A quality plan is a document, or several documents, that together specify quality standards, practices, resources, specifications, and the sequence of activities relevant to a particular product, service, project, or contract. Quality plans should define:

Objectives to be attained (for example, characteristics or specifications, uniformity, effectiveness, aesthetics, cycle time, cost, natural resources, utilization, yield, dependability, and so on)
Steps in the processes that constitute the operating practice or procedures of the organization
Allocation of responsibilities, authority, and resources during the different phases of the process or project
Specific documented standards, practices, procedures, and instructions to be applied
Suitable testing, inspection, examination, and audit programs at appropriate stages
A documented procedure for changes and modifications to a quality plan as a process is improved
A method for measuring the achievement of the quality objectives
Other actions necessary to meet the objectives

At the highest level, quality goals and plans should be integrated with overall strategic plans of the organization. As organizational objectives and plans are deployed throughout the organization, each function fashions its own best way for contributing to the top-level goals and objectives.
At lower levels, the quality plan assumes the role of an actionable plan. Such plans may take many different forms depending on the outcome they are to produce. Quality plans may also be represented by more than one type of document to produce a given outcome.
An example of this is a manufacturing company that machines metal parts. Its quality plan consists of applicable procedures (describing the production process and responsibilities), applicable workmanship standards, the measurement tolerances acceptable, the description of the material standards, and so forth. These may all be separate documents.
More variable information that pertains to a particular customer may be spelled out on individual work orders (sometimes called travelers). Work orders specify the machine setups and tolerances, operations to be performed, tests, inspections, handling, storing, packaging, and delivery steps to be followed.
An operating-level quality plan translates the customer requirements (the what) into actions required to produce the desired outcome (the how) and couples this with applicable procedures, standards, practices, and protocols to specify precisely what is needed, who will do it, and how it will be done. A control plan may specify product tolerances, testing parameters, and acceptance criteria. While the terminology may differ, the basic approach is similar for service and other types of organizations.
Deployment and Documentation of Quality Plans
Quality plans result from both deployed strategic quality policies (which are linked to organizational strategic plans) and from the specific legal regulations, industry standards, organization policies and procedures, internal guidelines, and good practices needed to meet customers’ requirements for products or services.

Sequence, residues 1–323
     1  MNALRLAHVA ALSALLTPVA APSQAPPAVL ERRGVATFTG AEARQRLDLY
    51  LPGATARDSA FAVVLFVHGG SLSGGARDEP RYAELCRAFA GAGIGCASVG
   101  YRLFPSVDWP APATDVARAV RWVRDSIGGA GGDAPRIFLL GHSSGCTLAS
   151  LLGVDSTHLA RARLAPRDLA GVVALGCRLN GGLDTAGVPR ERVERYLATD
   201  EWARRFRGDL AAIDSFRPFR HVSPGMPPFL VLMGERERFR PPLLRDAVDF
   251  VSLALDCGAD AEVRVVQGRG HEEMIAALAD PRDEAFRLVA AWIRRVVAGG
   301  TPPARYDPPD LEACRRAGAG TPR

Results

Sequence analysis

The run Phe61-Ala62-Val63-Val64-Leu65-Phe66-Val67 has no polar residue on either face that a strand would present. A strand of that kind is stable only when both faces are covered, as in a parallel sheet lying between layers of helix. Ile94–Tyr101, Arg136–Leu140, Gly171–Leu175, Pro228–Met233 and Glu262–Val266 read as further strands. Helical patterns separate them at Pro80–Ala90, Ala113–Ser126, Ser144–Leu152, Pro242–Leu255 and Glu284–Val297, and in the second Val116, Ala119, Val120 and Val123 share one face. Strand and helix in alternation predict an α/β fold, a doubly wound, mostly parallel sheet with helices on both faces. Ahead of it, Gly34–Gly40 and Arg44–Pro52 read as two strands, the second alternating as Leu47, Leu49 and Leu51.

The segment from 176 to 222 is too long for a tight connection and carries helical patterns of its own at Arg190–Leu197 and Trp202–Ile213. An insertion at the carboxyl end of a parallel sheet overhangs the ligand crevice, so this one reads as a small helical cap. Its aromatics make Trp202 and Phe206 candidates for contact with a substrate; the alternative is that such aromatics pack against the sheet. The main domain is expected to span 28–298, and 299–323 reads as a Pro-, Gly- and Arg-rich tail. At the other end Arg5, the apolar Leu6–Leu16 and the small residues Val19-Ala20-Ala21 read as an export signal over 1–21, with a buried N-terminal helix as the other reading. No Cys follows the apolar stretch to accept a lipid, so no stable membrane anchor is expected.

Strategic-level quality plans are developed and deployed through the strategic planning process. These broad-based quality plans become the guideline for each function’s or department’s supporting quality plan. Where appropriate, each function or department may develop and internally deploy operating-level quality plans.
Operating-level quality plans often are the resulting document(s) from a production scheduling function. As such, this documentation often includes blueprints, a copy of the customer’s order, references to applicable standards, practices, procedures, and work instructions, and details on how to produce the specific product or service.
When the product or service is produced, the planning documents may be augmented by inspection documentation, SPC charts, and copies of shipping documents and customer-required certifications. In the process, the plans are transformed from documents to records. In a fully computerized system, the documents mentioned may well be interactive computer screens, accessed at operators’ workplaces and control points. These screens, internally, become records when operators, inspectors, shippers, and others make computer entries to the screens.
A completed set of matrices, developed by a quality function deployment (QFD) process, may fulfill a component of an organization’s quality plan. The purpose of QFD is to capture and deploy the customers’ needs and requirements throughout the organization.
Documenting the quality plan(s) has multiple uses, such as:

Assuring conformance to customer requirements
Assuring conformance to external and internal standards and procedures
Facilitating traceability
Providing objective evidence
Furnishing a basis for training
Together with multiple plans for the organization’s products, services, and projects, providing a basis for evaluating the effectiveness and efficiency of the quality management system.

Excerpted from The Certified Manager of Quality/Organizational Excellence Handbook, ASQ Quality Press, Fourth Edition, 2014, Pages 266-268.
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